Tower of London locks changed after keys are stolen


The Tower of London's locks were changed after a thief stole the keys to the building that houses the Crown Jewels.


Streeter Lecka

It sounds like something out of a Sherlock Holmes mystery: A thief stole the keys to the historic Tower of London, home to the queen's Crown Jewels.

British authorities announced on Monday that some of the locks at the Tower of London had been changed after two sets of keys were stolen from the grounds last week, according to Agence France Presse.

An intruder was able to gain access to the site in the early hours of Nov. 6 when he or she allegedly stole the keys.

British newspaper the Guardian reported that police have launched an investigation into the matter. The Tower chiefs said the crown jewels were never at risk of being stolen, but admitted that security measures "were not carried out to the expected standard."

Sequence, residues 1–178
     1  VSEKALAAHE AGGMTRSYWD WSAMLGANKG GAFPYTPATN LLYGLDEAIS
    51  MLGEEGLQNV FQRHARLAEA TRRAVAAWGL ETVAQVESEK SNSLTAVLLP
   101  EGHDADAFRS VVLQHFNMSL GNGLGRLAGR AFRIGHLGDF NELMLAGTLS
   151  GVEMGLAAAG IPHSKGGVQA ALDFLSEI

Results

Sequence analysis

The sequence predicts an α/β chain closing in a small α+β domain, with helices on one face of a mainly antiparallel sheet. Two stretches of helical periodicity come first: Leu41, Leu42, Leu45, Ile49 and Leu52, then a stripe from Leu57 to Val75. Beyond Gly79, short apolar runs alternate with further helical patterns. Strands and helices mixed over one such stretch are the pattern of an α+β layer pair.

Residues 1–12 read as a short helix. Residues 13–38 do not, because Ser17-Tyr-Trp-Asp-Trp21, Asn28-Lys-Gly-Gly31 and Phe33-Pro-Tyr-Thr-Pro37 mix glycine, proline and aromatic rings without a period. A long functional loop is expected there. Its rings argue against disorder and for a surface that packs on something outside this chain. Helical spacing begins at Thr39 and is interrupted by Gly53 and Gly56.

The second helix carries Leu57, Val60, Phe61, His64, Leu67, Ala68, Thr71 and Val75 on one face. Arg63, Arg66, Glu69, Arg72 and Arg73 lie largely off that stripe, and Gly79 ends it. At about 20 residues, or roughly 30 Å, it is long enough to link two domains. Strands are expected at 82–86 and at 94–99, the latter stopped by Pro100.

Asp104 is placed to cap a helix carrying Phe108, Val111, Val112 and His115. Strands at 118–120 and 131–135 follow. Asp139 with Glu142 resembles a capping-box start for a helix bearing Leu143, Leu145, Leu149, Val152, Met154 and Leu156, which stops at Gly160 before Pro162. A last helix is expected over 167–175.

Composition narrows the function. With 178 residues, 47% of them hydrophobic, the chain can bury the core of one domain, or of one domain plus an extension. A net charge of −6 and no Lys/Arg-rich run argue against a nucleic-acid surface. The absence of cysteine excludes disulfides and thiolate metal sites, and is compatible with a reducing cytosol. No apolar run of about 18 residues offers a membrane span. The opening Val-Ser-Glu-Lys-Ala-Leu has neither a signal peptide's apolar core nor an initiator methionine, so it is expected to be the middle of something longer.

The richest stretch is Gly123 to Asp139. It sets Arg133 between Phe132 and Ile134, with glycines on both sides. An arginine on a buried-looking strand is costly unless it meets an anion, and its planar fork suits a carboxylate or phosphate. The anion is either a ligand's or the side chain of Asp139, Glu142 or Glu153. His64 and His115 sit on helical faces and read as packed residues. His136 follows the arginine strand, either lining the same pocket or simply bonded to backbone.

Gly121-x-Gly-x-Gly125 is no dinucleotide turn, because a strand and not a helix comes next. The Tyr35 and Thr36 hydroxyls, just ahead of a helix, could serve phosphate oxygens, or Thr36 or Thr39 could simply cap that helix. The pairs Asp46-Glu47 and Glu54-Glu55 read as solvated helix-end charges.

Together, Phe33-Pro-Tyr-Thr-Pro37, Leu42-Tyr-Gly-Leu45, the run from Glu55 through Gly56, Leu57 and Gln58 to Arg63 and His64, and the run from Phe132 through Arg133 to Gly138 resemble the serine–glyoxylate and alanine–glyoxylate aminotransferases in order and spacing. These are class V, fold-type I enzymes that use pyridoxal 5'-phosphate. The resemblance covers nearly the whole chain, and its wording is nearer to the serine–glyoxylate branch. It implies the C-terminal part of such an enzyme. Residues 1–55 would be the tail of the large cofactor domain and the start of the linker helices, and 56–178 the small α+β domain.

The BBC noted that the Tower is guarded by the Yeoman Warders or Beefeaters.

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ABC News reported that the burglar was spotted by the Tower's guards, but they did not immediately stop the suspect, instead radioing for help from their designated posts. The burglar then reportedly made it all the way to the gate at the main entrance before being apprehended.

The intruder was taken off site, but afterwards it was discovered that the keys were missing, according to AFP.

The spokeswoman said, "We can however confirm that during this incident, keys for a restaurant and conference rooms were taken together with a key to an internal lock to the Tower drawbridges that is not accessible from the outside," according to the BBC.

"It would not have been possible to gain access to the Tower with any of these keys," she said. "All affected locks were immediately changed."

A spokesman for Scotland Yard said, An allegation of theft has been made to police, which is being investigated," according to AFP.

The Metropolitan Police said no arrests have been made as of yet, according to the BBC.

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